When you’re looking at rewarding a valuable employee the idea of giving him or her a piece of your company often comes up. It’s a quick, easy solution, that doesn’t necessarily mean you come out of pocket (at least initially). That can be great for a cash-strapped start up. But is it always a good idea?
It’s certainly an option, but it is one to approach carefully. The biggest problem I see is people who issue ownership interests in their businesses in happy times, with no strings attached … and then want to undo the transaction later, when things haven’t worked out. It’s a tough place to negotiate from – you have far more of a vested interested in getting those shares or membership interests back than the other party has of keeping them.
So, if you want to give someone else a piece of your business, the first thing to consider is a good Buy-Sell Agreement that gives you the right to buy back the shares, no questions, no argument, if certain things happen (i.e., that person leaves the business, your relationship dissolves, etc.). It’s also a great way to protect your business from events in that person’s life. For example, if that person suddenly died, you could find your business’s shares being passed along to their estate. If that person divorced, you could find your business’s shares being divided up between the spouses, or even transferred to the other spouse outright.
Something else to consider is how much money you’re potentially giving up. This is a little easier to predict in a corporation. Because you are issuing a set number of shares in a corporation you can easily do the math to see how much profit those shares will generate. In a C Corporation it’s even easier – as long as you’re the majority shareholder you can choose whether or not dividends will be issued, and exactly how much per share those dividends will equal. In an S Corporation it’s a little tougher. S Corporations split profits strictly on a percentage of ownership basis. Still not impossible, but you need to do the math and see how much net profit will be going out the door.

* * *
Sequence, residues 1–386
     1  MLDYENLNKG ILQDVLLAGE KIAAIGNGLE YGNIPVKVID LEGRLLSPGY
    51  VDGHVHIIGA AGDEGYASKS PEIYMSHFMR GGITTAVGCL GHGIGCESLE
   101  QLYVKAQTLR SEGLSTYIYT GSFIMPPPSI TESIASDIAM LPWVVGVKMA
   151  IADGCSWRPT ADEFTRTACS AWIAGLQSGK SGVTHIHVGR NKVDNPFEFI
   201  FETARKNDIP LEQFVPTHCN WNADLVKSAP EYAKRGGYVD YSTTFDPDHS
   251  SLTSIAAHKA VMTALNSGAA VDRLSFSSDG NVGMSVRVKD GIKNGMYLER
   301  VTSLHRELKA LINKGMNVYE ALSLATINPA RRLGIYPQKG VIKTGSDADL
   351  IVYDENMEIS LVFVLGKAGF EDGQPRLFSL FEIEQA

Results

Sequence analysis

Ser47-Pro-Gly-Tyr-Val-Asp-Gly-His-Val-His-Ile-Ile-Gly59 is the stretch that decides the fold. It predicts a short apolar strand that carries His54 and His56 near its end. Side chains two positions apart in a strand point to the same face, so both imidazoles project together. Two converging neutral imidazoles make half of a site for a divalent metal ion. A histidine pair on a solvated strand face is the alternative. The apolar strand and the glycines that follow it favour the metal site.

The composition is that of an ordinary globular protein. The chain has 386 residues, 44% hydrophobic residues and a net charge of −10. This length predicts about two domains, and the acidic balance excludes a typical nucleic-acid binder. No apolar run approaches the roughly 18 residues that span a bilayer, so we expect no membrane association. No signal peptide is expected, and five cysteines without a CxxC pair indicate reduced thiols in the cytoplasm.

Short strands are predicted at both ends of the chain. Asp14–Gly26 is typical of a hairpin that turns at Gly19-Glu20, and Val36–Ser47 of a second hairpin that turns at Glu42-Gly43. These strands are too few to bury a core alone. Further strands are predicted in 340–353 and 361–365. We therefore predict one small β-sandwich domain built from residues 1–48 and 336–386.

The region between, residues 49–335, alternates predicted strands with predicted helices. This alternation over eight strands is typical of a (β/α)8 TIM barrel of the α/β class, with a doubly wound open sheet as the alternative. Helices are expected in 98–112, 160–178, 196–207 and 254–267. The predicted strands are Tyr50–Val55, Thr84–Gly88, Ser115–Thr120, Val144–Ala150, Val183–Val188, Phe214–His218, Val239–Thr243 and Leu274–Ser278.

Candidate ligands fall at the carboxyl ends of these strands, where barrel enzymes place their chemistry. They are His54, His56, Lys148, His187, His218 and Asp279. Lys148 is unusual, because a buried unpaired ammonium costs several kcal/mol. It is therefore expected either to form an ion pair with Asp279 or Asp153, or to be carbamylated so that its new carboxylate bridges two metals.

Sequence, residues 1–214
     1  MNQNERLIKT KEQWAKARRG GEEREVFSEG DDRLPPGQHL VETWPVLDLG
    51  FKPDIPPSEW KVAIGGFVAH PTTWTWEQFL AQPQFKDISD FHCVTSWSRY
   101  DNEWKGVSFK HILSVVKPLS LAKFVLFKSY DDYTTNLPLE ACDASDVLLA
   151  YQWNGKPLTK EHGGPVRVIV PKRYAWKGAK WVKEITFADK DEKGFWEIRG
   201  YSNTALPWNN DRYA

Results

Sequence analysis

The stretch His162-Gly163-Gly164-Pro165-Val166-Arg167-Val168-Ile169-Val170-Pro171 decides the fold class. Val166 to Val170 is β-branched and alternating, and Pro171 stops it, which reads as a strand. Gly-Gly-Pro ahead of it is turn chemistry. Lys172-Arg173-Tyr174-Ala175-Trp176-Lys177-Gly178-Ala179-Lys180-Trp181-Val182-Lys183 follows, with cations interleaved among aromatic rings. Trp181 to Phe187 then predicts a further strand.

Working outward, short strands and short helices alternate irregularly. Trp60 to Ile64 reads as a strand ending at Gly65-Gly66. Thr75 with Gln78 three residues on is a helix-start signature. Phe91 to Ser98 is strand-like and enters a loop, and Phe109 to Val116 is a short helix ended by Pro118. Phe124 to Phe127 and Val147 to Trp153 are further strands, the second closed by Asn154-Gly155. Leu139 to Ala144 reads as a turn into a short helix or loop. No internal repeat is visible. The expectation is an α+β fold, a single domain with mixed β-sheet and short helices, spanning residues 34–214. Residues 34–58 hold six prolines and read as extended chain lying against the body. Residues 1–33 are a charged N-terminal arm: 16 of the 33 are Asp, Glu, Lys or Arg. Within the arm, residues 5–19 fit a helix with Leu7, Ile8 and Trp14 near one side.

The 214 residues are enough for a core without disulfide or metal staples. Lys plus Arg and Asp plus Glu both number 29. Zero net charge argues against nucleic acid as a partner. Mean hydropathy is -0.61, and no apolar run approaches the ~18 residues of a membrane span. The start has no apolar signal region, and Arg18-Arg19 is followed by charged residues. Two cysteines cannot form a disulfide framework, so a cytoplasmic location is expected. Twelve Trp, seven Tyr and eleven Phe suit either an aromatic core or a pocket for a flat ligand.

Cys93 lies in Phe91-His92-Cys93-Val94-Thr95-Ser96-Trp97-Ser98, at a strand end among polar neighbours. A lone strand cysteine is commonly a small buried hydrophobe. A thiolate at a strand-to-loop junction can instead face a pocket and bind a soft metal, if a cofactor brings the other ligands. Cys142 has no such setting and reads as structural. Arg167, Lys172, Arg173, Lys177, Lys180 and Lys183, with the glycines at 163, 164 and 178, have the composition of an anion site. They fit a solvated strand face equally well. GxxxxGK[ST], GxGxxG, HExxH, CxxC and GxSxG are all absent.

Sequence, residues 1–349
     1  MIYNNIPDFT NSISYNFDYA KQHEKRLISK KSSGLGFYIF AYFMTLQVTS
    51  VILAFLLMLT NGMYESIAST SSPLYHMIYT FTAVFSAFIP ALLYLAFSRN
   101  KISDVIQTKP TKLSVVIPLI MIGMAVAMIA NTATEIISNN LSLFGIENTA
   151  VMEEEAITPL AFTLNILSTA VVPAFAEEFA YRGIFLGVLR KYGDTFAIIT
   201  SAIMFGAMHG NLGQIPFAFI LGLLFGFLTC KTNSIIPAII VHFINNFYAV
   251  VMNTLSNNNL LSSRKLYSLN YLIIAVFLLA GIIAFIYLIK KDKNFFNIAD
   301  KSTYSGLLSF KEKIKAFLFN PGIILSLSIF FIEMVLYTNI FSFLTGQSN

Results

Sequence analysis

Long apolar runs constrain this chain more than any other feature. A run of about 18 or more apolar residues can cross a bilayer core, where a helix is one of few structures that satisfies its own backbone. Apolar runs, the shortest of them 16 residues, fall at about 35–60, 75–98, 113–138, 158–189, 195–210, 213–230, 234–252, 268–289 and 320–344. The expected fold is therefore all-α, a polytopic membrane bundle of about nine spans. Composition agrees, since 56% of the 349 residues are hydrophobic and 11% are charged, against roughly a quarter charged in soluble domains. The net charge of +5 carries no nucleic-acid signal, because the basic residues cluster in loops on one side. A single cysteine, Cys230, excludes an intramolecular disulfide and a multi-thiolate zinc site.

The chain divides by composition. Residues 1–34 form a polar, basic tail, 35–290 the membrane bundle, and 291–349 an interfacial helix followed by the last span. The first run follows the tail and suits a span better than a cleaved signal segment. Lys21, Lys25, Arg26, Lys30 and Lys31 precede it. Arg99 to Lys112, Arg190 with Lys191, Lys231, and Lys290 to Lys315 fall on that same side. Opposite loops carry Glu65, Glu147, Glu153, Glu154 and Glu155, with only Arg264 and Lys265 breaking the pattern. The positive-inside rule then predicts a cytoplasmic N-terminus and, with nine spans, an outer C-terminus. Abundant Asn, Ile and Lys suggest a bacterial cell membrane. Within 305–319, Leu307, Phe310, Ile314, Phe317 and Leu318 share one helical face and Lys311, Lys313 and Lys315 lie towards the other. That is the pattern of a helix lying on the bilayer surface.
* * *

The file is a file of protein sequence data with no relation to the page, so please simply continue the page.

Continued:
In an LLC though, you’ve got a bit more flexibility. LLC’s don’t always have to follow a strict percentage when it comes to distributing profits. So, you could set up a guaranteed payment instead. Remember to consider taxes though. Both LLCs and S Corporation owners pay taxes based on their percentage of ownership – which isn’t always equal to the amount flowing to them each year. Talk to your CPA on that issue before proceeding.
The other option is to hang on to your business’s ownership and do something else. How about a performance bonus? A paid holiday? A pay raise? Or other fringe benefits like a car allowance? If the idea is to show someone that they matter to you and are an important part of your business’s success, there may be other avenues that are just as effective as giving up a piece of your ownership.